by Arlington
 
leviramsey wrote: 3.6 million over 180 miles is 20,000 people per mile.
1 million over 100 miles is 10,000 people per mile.

Adding Cheyenne is a tenth of the density of the other portion..
Thanks. Yes the point stands: tracks don't make the route, people do.
  by David Benton
 
Greg Moore wrote:On reason for continuing far enough south (or I suppose far enough north, but I think that's far less likely) is the network effect.

Connecting the California Zephyr to the Southwest Chief along this route gives riders a bit more flexibility which makes both routes viable (I'll note already that if you try to book Denver to Chicago, Amtrak will pop up bus options to connect you to the Southwest Chief. Turning this into a train connection isn't a huge stretch).
Kansas city, St Louis, and possibly Texas via Newton thruway also become better "networked".
As a tourist , i would find a north south link in Colorado/New Mexico useful, although I would probably be more tempted to drive the mountain routes.
  by John_Perkowski
 
To hook 3-4 and 5-6 together means pushing the service down to Trinidad.

As far as any extension of the Heartland Flyer goes, let me simply say Kansas had to raise taxes to get its economic house out of the outhouse.
  by Backshophoss
 
La junta would be easier to pull off,BNSF to Pueblo,depending on the routing over the Joint Line,UP for sections needed to Denver.
Pueblo to Walsenburg will need UP OK to use. :(
  by Literalman
 
if you try to book Denver to Chicago, Amtrak will pop up bus options to connect you to the Southwest Chief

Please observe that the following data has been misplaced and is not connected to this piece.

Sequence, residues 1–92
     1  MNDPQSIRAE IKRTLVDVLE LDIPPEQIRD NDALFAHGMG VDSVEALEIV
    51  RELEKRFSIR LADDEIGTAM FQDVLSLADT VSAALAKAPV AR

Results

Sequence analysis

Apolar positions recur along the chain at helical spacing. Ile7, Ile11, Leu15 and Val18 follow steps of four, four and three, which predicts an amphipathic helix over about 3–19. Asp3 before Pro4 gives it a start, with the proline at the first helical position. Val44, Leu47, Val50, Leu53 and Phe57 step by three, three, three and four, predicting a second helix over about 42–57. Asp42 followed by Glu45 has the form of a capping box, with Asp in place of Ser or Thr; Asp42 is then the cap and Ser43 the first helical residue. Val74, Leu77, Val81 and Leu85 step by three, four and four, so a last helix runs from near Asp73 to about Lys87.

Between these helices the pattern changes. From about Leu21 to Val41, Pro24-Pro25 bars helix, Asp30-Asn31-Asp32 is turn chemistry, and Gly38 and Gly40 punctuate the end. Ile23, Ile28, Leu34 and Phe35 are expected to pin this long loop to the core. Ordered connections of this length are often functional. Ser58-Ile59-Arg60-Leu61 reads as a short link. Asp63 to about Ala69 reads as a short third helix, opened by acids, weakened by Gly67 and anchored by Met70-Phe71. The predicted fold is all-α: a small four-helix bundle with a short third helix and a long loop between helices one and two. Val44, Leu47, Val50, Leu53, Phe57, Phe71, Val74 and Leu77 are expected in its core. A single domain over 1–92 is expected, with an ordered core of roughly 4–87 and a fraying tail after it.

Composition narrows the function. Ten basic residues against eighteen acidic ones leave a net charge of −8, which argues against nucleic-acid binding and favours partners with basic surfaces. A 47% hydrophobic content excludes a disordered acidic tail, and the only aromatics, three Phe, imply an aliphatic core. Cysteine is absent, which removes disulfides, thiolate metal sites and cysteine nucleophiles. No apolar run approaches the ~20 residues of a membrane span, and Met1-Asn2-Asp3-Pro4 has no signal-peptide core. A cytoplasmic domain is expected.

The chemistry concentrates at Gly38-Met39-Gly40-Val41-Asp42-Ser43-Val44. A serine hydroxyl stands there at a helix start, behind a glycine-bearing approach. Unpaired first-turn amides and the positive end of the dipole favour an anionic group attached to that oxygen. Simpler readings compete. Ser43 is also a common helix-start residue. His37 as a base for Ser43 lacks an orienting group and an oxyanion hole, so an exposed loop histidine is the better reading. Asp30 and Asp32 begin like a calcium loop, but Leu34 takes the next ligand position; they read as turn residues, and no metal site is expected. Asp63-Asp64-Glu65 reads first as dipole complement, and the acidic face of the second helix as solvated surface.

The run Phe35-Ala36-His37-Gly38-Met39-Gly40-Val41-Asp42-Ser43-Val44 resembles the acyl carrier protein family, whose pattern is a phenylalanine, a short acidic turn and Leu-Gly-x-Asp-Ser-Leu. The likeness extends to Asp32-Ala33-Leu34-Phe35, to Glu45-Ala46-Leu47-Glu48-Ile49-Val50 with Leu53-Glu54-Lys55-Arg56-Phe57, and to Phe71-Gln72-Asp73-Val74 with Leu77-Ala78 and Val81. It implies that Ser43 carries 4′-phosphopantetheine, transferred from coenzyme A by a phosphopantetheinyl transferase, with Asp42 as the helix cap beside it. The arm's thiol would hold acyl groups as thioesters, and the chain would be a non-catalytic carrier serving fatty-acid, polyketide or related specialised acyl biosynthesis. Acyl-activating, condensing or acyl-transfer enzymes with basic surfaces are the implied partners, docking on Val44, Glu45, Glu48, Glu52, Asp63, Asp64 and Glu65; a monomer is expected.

Is that only when the California Zephyr is sold out, or is it a standard option Denver-Chicago?
  by Greg Moore
 
Standard from what I've seen.
  by jobtraklite
 
Literalman wrote:
if you try to book Denver to Chicago, Amtrak will pop up bus options to connect you to the Southwest Chief


Is that only when the California Zephyr is sold out, or is it a standard option Denver-Chicago?
I don't think there is any distinction between standard and non(sub?) standard options on the Amtrak fare page. The website always shows all connections that someone at Amtrak deems worthy of being shown. For example, if you want to go between CHI and LAX, one of the options is the Empire Builder connecting to the Coast Starlight at Portland, whether or not the SW Chief is sold out or not.
  by codasd
 
Front page article in the Colorado Springs Gazette about Front Range passenger rail. As usual the biggest issue is where's the money. As a side light, Excel Energy plans on closing two of the three coal fired Pueblo plants in 2022 an 2025. This will reduce the current traffic on the line.
http://gazette.com/commission-works-on- ... le/1610414" onclick="window.open(this.href);return false;
  by Tadman
 
John_Perkowski wrote:UP does just fine operating its portion of METRA in Chicago.

I think we'll find the answer to the question is "money talks." It's state service, a la CA or IL, so money will talk.

This is interurban, not intercity. To me, it's more like METRA than Amtrak.
UP does just fine for two reasons - they are well-compensated, and the inner 10-20 miles of each route sees far less freight than it once did. Most freight (but not all) comes in from Omaha and Milwaukee and diverges to yards near the city limits like Proviso rather than run all the way downtown. Also, there is no way the commuter service will ever go anywhere, so the strong arm will not get them anywhere.

For new-start? BNSF all the way with regard to friendliness. The real question is on which route has the better population and least bottlenecks. Also, provided this train goes through DUS, you have to back in every time. It's not unheard of, the surfliners do so in LA, but it's certainly not optimal and there are plans in LA to fix this.